large Airbus customer.

The plane
The A220 is the smallest member of the Airbus line of passenger jets and is the
former Bombardier CSeries. Airbus took over majority interest in the program under
an Airbus/Bombardier partnership.

Airbus estimates that in the next two decades airlines worldwide will need 7,000
aircraft with 100 to 150 seats. The A220, which the company says burns 20 percent
less fuel per seat than other comparably sized aircraft, would be a formidable
competitor.

The A220 began life as Bombardier's CSeries. While its larger rivals focused on
making improvements to their existing models, the Canadian jet maker took a big risk
by developing a clean-sheet design that could offer unmatched performance.

Bombardier launched the CSeries on 31 July 2008, but has struggled to get
customers. Airbus has owned the A220 for a little over seven months, having
acquired it for nothing from a desperate Bombardier in July 2018. The A220s two
primary customers are Delta and JetBlue.

Delta purchased A220s from Bombardier, prior to the partnership with Airbus. In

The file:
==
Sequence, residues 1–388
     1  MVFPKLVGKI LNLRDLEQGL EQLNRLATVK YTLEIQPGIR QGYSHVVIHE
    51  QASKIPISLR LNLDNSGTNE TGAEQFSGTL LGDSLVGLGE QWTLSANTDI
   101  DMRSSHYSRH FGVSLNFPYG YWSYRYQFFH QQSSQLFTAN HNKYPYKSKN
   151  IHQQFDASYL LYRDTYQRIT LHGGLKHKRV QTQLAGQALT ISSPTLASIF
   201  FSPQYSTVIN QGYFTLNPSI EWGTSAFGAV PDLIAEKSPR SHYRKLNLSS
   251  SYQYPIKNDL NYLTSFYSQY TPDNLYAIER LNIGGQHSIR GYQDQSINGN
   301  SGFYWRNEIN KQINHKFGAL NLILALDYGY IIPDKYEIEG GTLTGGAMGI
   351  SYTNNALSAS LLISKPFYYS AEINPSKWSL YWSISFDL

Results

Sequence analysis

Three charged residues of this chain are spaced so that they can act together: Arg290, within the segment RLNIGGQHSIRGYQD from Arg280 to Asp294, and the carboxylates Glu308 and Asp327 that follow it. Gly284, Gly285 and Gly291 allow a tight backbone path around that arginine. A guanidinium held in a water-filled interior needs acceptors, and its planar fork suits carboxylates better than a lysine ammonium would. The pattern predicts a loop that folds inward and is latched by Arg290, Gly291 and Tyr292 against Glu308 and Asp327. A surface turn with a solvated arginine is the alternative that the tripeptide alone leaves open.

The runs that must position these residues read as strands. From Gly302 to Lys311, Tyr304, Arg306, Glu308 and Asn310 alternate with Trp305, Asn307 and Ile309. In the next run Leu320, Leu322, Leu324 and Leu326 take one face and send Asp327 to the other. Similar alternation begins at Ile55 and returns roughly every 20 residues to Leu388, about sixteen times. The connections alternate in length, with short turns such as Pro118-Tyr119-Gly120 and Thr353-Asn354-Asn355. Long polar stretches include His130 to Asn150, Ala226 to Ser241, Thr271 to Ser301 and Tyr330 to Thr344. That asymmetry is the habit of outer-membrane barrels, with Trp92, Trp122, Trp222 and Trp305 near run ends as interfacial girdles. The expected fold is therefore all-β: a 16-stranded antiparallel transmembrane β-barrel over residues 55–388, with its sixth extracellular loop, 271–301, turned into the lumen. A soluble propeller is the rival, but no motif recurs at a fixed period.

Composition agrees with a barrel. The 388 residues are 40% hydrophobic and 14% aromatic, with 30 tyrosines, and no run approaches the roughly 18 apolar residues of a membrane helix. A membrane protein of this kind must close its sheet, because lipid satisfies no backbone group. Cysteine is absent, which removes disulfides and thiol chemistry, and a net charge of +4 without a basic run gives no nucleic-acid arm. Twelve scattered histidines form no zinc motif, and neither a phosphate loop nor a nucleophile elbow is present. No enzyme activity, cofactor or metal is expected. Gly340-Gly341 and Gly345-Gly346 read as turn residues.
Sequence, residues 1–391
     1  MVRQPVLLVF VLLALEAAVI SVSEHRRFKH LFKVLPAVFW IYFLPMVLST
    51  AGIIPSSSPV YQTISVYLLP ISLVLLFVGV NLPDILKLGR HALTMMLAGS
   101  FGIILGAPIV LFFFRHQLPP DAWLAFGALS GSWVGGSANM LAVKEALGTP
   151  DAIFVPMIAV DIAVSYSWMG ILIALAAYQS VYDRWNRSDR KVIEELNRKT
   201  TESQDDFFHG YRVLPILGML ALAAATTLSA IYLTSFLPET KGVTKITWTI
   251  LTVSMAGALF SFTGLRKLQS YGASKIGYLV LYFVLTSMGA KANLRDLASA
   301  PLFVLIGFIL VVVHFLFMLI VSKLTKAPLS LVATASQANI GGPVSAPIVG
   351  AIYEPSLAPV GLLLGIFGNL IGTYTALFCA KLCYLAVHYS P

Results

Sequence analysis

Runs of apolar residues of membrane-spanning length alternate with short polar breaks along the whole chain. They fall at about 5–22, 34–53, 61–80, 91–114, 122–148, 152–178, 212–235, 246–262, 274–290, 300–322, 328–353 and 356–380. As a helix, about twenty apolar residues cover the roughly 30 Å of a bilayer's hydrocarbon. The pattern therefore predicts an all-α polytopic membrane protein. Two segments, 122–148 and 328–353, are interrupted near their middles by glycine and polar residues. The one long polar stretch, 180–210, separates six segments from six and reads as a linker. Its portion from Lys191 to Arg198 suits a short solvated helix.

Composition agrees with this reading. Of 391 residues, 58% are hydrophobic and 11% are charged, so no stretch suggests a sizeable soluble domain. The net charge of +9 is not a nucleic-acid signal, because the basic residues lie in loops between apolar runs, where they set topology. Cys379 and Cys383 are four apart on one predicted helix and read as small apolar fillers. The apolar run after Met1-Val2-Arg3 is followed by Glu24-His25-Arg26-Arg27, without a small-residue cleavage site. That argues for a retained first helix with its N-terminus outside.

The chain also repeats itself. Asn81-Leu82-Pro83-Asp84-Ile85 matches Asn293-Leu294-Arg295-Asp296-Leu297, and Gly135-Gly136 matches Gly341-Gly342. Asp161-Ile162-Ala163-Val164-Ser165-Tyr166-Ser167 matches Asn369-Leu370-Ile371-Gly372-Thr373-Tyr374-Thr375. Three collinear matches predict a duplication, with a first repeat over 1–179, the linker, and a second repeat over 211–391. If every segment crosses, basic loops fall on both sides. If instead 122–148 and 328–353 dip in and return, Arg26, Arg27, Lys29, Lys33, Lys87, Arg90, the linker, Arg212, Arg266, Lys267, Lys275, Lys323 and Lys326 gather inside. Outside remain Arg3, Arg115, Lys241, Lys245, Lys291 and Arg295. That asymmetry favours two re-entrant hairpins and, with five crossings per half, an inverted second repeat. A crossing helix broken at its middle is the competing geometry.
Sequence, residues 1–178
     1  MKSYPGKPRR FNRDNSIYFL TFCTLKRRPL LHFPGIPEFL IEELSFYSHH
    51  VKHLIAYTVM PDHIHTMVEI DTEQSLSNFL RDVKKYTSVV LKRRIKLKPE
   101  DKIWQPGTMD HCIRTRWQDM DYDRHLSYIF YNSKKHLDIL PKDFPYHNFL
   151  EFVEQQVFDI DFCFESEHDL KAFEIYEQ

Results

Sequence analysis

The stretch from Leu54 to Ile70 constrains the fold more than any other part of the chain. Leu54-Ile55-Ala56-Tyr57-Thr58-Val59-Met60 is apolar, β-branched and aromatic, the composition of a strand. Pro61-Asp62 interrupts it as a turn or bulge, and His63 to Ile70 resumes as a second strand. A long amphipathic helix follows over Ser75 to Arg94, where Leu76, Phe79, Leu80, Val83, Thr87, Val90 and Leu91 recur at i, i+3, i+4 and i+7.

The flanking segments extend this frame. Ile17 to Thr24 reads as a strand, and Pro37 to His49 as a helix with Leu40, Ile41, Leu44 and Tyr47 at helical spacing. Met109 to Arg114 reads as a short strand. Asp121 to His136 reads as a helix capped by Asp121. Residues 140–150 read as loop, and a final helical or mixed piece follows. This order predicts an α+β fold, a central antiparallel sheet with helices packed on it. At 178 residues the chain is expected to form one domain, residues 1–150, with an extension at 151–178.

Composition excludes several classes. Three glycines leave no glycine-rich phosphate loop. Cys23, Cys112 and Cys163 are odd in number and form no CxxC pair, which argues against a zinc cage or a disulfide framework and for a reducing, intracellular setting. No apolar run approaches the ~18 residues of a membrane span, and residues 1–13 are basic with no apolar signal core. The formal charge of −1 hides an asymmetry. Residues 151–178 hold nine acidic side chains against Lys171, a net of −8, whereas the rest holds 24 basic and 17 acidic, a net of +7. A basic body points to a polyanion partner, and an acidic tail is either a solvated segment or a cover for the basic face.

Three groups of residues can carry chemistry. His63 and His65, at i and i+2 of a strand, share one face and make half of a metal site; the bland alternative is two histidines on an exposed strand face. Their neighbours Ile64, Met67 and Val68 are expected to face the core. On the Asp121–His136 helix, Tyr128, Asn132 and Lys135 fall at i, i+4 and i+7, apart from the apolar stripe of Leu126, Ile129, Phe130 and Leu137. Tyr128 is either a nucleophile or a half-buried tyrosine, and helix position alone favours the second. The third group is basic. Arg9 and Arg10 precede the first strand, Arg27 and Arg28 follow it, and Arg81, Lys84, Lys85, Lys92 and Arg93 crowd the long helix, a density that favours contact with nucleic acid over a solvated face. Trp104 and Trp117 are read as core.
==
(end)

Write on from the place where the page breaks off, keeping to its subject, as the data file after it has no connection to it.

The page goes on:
trying to win the JetBlue deal, it was competing with the Embraer E195-E2. In the end,
it was with Airbus in control that JetBlue went with the A220. JetBlue's deliveries are
due to begin in 2020.

The cabin offers LED lighting, generous legroom, headroom, oversize windows and
bins, as well as broadband internet and seatback screens. It has two-by-three
seating in economy, meaning fewer middle seats. All of the plane's seats will be wider
than the industry average. It also has two rear lavatories, one with a window.

Two Pratt & Whitney’s geared turbofan engines power the A220. The East Hartford,
Conn., company has been involved in the project since 2007, when Bombardier
Aerospace selected the PW1000G to power the plane.

Pratt & Whitney’s estimates it burns 20 percent less fuel, reduces noise by 75
percent, and cuts nitrogen emissions by 50 percent, while also providing a significant
improvement in operating costs compared to current-generation planes.